The first day we had booked the car in at Toyota to be looked at. We left camp at 7am thinking that would give us plenty of time to be at Toyota early. Wrong assumption! Whilst the total journey was only about 10km, we had to cross using the ferry. It took 2 hours before we were actually on the ferry, which is about 7km from camp, then we had to get through Dar. It took us 2.5 hours to arrive, and when we got there and explained we had booked the car in and what needed to be done we were told there was no way we would get the car back the same day, which is not an option given it is our home! The service area had probably 50 or more cars parked around the place so I’m not surprised they said it would take more than a day. After some discussion with the service manager, who thankfully turned out to be very helpful, our car was taken straight to the workshop and work started on it. Our front left diff lock has not been sending power to the wheel when engaged and has been a bit of a pain when we have been stuck. The service manager looked at it and thought it was an electronic motor and told us it would take 6-8 weeks to get a part, but they would take it apart and have a look. Thankfully it was not electronic and a clip had come loose inside which they were able to fix, so hopefully if we get stuck again it will work properly. The knocking we have had since the start in the front left wheel was also fixed by replacing the bushes on the stabiliser bar. Both repairs were done inexpensively as the labour is cheap, so it was a pretty successful trip.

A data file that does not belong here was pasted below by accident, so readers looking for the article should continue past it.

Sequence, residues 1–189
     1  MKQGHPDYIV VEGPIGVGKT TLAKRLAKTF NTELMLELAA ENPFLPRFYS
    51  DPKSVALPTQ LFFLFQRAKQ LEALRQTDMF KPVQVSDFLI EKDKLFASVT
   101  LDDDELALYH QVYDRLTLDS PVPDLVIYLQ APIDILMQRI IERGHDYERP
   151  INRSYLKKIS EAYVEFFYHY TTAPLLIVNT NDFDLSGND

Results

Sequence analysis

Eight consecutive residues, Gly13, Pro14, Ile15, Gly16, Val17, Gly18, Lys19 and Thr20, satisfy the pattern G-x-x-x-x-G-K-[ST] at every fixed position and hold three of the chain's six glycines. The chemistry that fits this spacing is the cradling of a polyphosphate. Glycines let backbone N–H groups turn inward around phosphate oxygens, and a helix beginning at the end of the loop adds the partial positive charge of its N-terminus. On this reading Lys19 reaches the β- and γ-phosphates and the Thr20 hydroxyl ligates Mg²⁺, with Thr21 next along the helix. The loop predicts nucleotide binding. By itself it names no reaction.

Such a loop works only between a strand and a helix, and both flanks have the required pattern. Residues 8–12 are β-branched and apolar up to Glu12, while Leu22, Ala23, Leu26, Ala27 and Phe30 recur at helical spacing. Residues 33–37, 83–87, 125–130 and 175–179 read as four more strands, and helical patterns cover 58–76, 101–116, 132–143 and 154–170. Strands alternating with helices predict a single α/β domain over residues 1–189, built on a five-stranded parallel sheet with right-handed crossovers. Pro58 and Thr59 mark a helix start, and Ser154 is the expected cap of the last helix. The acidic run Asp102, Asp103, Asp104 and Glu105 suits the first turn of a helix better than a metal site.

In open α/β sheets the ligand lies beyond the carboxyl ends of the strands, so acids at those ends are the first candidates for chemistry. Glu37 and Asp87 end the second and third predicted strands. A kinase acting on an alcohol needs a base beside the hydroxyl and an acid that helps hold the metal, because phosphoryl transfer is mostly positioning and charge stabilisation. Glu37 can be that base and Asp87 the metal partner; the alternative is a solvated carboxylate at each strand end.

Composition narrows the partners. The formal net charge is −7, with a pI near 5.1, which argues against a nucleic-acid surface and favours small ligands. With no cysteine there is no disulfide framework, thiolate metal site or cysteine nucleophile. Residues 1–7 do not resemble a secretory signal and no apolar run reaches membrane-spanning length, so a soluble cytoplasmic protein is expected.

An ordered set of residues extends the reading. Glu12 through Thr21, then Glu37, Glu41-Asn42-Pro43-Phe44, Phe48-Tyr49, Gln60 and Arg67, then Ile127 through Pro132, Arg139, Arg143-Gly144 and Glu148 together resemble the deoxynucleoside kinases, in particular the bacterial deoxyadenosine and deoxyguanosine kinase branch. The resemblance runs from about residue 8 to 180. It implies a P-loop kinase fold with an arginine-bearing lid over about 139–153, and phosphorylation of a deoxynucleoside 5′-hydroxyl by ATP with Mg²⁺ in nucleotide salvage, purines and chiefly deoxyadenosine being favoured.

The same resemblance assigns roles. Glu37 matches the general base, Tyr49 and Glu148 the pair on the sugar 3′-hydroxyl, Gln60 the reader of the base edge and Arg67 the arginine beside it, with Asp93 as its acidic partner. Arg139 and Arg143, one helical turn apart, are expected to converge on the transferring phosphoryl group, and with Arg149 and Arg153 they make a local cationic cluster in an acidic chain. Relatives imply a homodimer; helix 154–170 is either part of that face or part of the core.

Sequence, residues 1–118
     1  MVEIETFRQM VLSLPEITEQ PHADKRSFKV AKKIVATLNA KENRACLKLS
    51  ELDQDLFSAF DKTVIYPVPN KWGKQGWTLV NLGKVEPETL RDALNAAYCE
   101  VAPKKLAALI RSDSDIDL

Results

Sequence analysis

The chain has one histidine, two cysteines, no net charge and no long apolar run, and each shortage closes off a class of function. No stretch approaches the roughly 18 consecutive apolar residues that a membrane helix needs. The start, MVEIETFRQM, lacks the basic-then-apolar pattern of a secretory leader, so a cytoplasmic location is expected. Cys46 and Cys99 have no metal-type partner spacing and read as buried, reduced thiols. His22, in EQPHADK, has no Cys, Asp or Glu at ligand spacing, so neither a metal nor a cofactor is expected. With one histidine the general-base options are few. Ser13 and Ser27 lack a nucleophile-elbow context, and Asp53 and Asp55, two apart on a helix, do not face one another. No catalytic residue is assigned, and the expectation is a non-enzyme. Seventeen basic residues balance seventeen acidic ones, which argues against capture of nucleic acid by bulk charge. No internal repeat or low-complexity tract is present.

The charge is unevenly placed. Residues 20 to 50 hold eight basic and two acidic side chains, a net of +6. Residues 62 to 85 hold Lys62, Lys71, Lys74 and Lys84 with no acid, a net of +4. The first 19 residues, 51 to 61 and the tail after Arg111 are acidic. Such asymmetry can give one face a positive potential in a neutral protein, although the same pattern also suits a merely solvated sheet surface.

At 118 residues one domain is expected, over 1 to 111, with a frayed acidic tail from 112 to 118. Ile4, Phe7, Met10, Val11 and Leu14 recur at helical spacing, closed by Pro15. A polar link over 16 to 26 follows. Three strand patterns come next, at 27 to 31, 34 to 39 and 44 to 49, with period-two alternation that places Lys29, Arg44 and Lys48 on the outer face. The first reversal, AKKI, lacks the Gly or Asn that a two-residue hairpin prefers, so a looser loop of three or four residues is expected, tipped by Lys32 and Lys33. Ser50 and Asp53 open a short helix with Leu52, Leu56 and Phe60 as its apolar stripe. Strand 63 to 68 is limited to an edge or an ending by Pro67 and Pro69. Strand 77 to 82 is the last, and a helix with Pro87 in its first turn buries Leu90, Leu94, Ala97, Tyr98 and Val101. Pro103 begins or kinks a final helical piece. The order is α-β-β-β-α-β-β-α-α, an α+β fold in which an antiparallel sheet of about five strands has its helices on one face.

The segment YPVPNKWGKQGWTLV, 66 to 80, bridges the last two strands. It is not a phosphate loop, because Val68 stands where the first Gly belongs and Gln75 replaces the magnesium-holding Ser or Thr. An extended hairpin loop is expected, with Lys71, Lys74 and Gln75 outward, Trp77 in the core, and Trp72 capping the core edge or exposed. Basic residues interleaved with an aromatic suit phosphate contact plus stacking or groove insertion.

Tim and Ania had volunteered to come into Dar and pick us up from Toyota so we could both do some errands whilst our car was being serviced, something I think they may have regretted afterwards as it took all day! They also got stuck trying to get on the ferry but they finally made it and we headed to the Milani shopping centre. The traffic was terrible, although it was interesting to see what was going on around us. About 30 mins after we had left Toyota they rang to say they needed the remote for the car (even though they had told us they didn’t need it) so we had to turn around and go back – an hour wasted sitting in traffic. Off we went again through the traffic, finally making it to the shopping centre where we had some lunch and a quick visit to Game and Shoprite before we had to head back to Toyota to make sure we would be back there by 5pm given the traffic.